Secretary of State Hillary Clinton, in the first visit to India by a top Obama administration official, engaged her hosts on two major issues facing the world: nuclear non-proliferation and climate change. On the eve of her visit, Brookings President Strobe Talbott wrote that Indians, like many Americans, still need to be persuaded to see the urgency of prompt action on these two issues.
When Hillary Clinton arrives in India on Friday, the US secretary of state will no doubt strike the upbeat tone that befits relations between the world’s two largest democracies. But she is expected also to engage her hosts candidly on two issues that have been contentious in the past and may be in future: climate change and nuclear non-proliferation.
In both areas, President Barack Obama’s positions are radically different from his predecessor’s. Unlike George W. Bush, Mr Obama understands the need for a rules-based international system that will regulate and reduce levels of greenhouse gas emissions and nuclear weaponry. In particular, Mr Bush, like the Republican-controlled US Senate of the late 1990s, opposed the Kyoto protocol on climate change and the ratification of the Comprehensive Test Ban Treaty (CTBT). He also had little use for the Nuclear Nonproliferation Treaty (NPT), even though it was largely an American initiative going back to the dawn of the cold war.
Those Bush policies suited many Indians. In their view, a global regime to restrict carbon emissions could hinder India’s growth, while the CTBT and the NPT blocked their right to develop the nuclear-weapons capability their government demonstrated when it conducted a series of tests in 1998. Under Mr Bush, the US and India negotiated a pact on co-operation in civil nuclear power that will, when the details of its implementation are worked out, grant India an exemption from the terms of the NPT.
Mr Obama, however, is committed to ratifying the CTBT, strengthening the NPT, and pursuing other treaties to prevent the spread of dangerous material and technology. He also intends for the US to be part of the international effort to replace the Kyoto protocol with a treaty-based climate-control regime including India, China and other emerging powers.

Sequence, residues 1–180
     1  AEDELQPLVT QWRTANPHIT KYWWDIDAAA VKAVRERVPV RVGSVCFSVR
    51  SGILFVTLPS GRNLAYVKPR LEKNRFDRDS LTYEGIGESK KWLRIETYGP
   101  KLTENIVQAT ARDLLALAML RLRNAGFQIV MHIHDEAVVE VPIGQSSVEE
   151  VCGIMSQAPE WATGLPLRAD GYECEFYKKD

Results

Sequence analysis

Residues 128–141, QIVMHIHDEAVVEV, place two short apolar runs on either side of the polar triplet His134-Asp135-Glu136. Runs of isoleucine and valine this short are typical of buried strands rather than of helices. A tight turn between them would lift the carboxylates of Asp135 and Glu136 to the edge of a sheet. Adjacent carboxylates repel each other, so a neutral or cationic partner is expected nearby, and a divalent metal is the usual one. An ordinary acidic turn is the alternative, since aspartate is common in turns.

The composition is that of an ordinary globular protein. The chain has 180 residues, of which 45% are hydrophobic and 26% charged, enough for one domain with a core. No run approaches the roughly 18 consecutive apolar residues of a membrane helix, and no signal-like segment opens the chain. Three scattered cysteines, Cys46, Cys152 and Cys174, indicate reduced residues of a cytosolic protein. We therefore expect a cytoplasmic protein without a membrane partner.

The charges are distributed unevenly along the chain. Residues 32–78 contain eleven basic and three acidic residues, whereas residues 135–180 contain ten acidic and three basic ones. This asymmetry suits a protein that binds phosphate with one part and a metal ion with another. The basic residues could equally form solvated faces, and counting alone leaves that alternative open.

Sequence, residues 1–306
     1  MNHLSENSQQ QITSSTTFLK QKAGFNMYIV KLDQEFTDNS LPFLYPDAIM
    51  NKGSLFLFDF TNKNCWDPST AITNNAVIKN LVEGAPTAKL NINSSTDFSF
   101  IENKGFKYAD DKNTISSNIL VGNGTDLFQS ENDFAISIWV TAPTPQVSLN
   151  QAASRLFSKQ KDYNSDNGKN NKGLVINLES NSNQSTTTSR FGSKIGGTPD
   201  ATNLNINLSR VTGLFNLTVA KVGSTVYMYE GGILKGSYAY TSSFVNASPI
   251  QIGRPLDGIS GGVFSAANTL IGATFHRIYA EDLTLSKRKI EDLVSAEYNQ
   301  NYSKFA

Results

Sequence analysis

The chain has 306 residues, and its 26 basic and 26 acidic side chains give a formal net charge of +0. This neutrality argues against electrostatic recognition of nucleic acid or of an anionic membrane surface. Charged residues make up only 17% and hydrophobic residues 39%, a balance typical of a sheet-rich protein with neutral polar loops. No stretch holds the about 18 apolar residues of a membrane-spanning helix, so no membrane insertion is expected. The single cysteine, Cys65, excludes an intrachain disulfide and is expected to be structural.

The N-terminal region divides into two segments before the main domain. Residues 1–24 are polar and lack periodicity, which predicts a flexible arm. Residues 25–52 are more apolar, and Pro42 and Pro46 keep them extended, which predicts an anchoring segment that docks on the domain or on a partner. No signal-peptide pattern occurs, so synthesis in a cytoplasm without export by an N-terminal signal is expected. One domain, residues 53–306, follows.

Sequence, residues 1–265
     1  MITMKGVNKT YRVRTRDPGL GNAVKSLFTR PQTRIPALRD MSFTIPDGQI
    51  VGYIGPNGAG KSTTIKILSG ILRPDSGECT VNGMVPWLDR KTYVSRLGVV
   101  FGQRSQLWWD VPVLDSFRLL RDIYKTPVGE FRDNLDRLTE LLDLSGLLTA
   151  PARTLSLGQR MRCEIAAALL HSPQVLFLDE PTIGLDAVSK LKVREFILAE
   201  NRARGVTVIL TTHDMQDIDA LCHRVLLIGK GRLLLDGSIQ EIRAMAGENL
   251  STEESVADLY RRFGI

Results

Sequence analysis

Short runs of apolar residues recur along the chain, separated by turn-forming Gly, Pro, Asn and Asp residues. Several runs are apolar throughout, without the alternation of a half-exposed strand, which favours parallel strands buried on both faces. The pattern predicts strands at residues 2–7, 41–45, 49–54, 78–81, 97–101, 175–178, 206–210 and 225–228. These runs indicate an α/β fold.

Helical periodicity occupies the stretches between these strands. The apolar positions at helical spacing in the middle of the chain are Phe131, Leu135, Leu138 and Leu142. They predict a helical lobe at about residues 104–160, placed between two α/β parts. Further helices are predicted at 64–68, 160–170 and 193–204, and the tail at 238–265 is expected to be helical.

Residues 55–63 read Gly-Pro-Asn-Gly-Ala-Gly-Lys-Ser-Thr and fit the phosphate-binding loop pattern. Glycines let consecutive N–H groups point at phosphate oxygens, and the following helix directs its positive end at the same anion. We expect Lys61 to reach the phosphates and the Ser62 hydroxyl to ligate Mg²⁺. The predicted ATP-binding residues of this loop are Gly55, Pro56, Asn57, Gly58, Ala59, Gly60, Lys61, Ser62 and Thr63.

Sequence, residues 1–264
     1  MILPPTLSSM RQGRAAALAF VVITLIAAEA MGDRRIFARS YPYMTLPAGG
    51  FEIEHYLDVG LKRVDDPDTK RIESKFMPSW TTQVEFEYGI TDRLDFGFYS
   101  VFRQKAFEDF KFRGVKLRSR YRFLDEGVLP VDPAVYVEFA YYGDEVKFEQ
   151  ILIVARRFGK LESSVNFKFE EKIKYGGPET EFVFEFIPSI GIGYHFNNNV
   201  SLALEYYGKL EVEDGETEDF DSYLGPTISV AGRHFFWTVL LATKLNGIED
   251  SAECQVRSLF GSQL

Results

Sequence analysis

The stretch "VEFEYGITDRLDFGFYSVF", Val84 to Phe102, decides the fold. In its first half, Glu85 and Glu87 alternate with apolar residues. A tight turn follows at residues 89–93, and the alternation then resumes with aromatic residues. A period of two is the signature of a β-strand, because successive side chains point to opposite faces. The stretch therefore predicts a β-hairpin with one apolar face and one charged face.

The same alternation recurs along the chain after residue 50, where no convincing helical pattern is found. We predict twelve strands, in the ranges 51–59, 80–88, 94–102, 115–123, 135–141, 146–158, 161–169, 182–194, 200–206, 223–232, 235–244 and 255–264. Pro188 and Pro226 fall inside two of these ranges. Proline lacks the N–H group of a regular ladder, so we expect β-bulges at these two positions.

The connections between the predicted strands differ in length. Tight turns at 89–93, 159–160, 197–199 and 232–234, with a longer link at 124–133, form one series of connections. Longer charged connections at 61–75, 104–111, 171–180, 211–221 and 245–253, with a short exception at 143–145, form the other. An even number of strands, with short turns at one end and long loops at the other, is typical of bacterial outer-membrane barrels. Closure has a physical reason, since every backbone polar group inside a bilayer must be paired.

As a result, on both proliferation and climate change, many Indians regard Mr Bush with nostalgia and Mr Obama with muted apprehension. Mrs Clinton, however, is seen as a staunch friend of India. Her trip there as first lady in 1995 helped break the ice in US-Indian relations after 50 years of estrangement, paving the way for President Bill Clinton’s visit in 2000. She is therefore in an ideal position to deliver a message in New Delhi that is both reassuring and cautionary.
The US administration knows it cannot coax or bully India into formally joining the NPT, nor will it renege on the civil nuclear deal it inherited from Mr Bush. At the same time, Washington policymakers hope that India’s Congress party-led government, now that it has been returned to power with an increased mandate, will join the US in tightening the verification authorities of the International Atomic Energy Agency, accelerating negotiations to stop the production of fissile material (the stuff at the core of nuclear warheads) and bringing the CTBT into force.
These steps would make India’s region safer, since Pakistan might follow suit in a positive direction, just as it did in a negative one when it conducted a nuclear test shortly after India’s in 1998. A similar appeal to self-interest might prevail with respect to climate change. Since much of India’s population lives in rural and coastal areas, it is acutely vulnerable to the devastation of agricultural lands and rising sea levels that come with global warming.
Key figures in India are beginning to accept the idea of a global compact on climate change. However, they are focused on the 12-to-1 disparity between the average American’s carbon footprint and the average Indian’s. Therefore they want progress towards parity in the final agreement. If the US achieves the 80 per cent cut in emissions by 2050 that Mr Obama supports, the gap between the US and Indian footprints per capita would shrink dramatically.
Indians (like many Americans) need to be persuaded to see the urgency of prompt action. There are few voices more persuasive than that of the Indian scientist R. K. Pachauri, the head of the Intergovernmental Panel on Climate Change who shared the 2007 Nobel Peace Prize with Al Gore. He believes that the world has about six years to impose drastic and effective reductions on greenhouse gases. That will only happen if Mr Pachauri’s and Mrs Clinton’s governments can make common cause.
The writer, president of the Brookings Institution, conducted a strategic dialogue with India on behalf of President Clinton from 1998 to 2001